Justification of Red List Category
This species has a very small population. It is currently not considered to be under imminent threat; habitat loss and consequent range and population declines are low, but may increase in the future. The species is therefore listed as Vulnerable.
The population is inferred to number 1,000-2,499 individuals based on an assessment of known records, descriptions of abundance and range size. This is consistent with recorded population density estimates for congeners or close relatives with a similar body size, and the fact that only a proportion of the estimated Extent of Occurrence is likely to be occupied. This is roughly equivalent to 667-1,666 mature individuals, rounded here to 600-1,700 mature individuals.
The population trend has not been estimated directly. The only threat known to the species is the loss of its habitat; yet forest loss within the range has been very low over the past ten years (< 1%; Global Forest Watch 2020). However, models revealed that available habitat in the species’s altitudinal range will decrease by c. 24% across Ecuador and Colombia by the end of this century (Renjifo et al. 2014). Therefore, the species is tentatively suspected to be in a slow decline, the rate of which is not thought to exceed 10% over ten years.
Bangsia aureocincta occurs on the Pacific slope of the West Andes, Colombia. Four specimens were collected in the vicinity of Cerro Tatamá (Risaralda/Chocó/Valle del Cauca border) between 1909 and 1946, but it was not found by surveys during the 1990s and may be locally extinct (Wege and Long 1995, Stiles 1998). Since 1946, it has been recorded at Alto de los Galápagos (Valle del Cauca/Chocó border) (C. Acevedo per N. Gómez in litt. 1999, Farthing 2001), the Caramanta massif at Alto de Pisones (Risaralda), where it is common to abundant (Stiles 1998), and recently in Las Orquídeas National Park (Antioquia) (Renjifo et al. 2002).
The species inhabits dense humid, mossy cloud-forest, sometimes with natural tree gaps breaking the canopy, between 1,600 and 2,195 m (Salaman and Stiles 1996, Stiles 1998, P. G. W. Salaman in litt. 1999, Renjifo et al. 2014). The species is found at the principal cloud interception point on the Pacific slope of the western Cordillera; thus the altitudinal range at any site is very narrow, covering 100-200 m of elevation, with the highest elevations in the northern part of the range (Fundación ProAves in litt. 2020). The species feeds primarily on fruit (stomachs of collected birds contained 70-90% fruit), but also insects when foraging in mixed-species flocks (Stiles 1998). The breeding season is thought to be concentrated in March and April (Stiles 1998).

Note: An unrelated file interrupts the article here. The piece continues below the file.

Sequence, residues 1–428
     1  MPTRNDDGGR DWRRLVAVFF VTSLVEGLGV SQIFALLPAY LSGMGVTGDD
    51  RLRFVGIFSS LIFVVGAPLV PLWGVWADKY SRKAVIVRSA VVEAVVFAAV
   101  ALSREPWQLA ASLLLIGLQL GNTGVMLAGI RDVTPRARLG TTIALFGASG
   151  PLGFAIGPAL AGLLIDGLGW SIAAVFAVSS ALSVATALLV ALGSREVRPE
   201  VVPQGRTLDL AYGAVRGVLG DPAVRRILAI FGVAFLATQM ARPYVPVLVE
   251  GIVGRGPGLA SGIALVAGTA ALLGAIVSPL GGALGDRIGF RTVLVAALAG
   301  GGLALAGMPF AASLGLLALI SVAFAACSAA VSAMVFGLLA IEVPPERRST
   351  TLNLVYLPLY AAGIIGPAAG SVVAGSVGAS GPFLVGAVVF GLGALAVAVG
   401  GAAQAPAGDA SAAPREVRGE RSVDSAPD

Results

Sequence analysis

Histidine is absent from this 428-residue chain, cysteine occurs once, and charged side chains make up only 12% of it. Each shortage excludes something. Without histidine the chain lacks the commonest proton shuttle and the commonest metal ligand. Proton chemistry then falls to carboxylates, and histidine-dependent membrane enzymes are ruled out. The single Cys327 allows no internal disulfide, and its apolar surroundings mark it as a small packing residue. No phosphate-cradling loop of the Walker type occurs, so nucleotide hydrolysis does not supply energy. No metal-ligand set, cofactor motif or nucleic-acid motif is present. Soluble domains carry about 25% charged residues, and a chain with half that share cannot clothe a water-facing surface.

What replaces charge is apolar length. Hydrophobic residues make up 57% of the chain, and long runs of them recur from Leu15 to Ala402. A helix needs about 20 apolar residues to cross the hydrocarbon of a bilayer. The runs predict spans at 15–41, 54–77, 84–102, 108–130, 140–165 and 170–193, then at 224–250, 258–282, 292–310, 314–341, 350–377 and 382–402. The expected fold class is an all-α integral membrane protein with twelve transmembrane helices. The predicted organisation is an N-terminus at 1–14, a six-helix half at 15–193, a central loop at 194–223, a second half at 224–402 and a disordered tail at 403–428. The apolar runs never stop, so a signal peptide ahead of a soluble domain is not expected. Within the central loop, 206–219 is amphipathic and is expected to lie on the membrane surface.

The species is threatened by the loss of its habitat. Deforestation in parts of the range has been severe in the past, but has slowed down considerably in more recent years or even reversed, with areas being reforested (Renjifo et al. 2014, Tracewski et al. 2016, Global Forest Watch 2020). On the Caramanta massif, the species occurs in a large forest block, which is effectively intact from 800-1,000 m to over 2,000 m (Wege and Long 1995, F. G. Stiles in litt. 1999). Although the region is inhabited by Emberá Indians, further colonisation will inevitably lead to deforestation through small-scale agriculture and subsistence activities (Salaman and Stiles 1996, Stiles 1998, F. G. Stiles in litt. 1999). Models of future habitat availability in the Andes of Colombia and Ecuador project 24% habitat loss by the end of the century in the altitudinal band of the species (Renjifo et al. 2014).
Conservation Actions Underway
Tatamá National Park protects the type-locality, and is just north of Alto de Galápagos (Wege and Long 1995), but the recently discovered populations remain unprotected. It also occurs in Las Orquídeas National Park (Renjifo et al. 2002). Environmental education programmes aimed at increasing awareness for the species are are carried out in several communities across the range (Renjifo et al. 2014). Formerly considered Endangered at the national level in Colombia (Renjifo et al. 2002), the species has recently been downlisted to nationally Vulnerable (Renjifo et al. 2014).
16 cm. Curiously-shaped black, dark green and yellow tanager. Mostly dark green, with black head and yellow ring formed by postocular supercilium curving behind ear-coverts and joining malar to base of bill. Black throat, yellow central breast. Similar spp. Bears superficial resemblance to Slaty-capped Shrike-vireo Vireolanius leucotis. Voice Song consists of sharp, penetrating, high-pitched whistles or thin, watery trills, tseeuurr, delivered in groups of 3-6. Short, twittered trill on lower pitch often given when alarmed or excited. Also chip and chit contact notes.
Text account compilers
Stuart, T., Capper, D., Isherwood, I., Hermes, C., Sharpe, C.J.
Acevedo, C., Fundación ProAves, Gomez, N., Lara, S., Salaman, P.G.W., Stiles, F.G., Symes, A. & Pople, R.
BirdLife International (2021) Species factsheet: Bangsia aureocincta. Downloaded from http://www.birdlife.org on 09/12/2021. Recommended citation for factsheets for more than one species: BirdLife International (2021) IUCN Red List for birds. Downloaded from http://www.birdlife.org on 09/12/2021.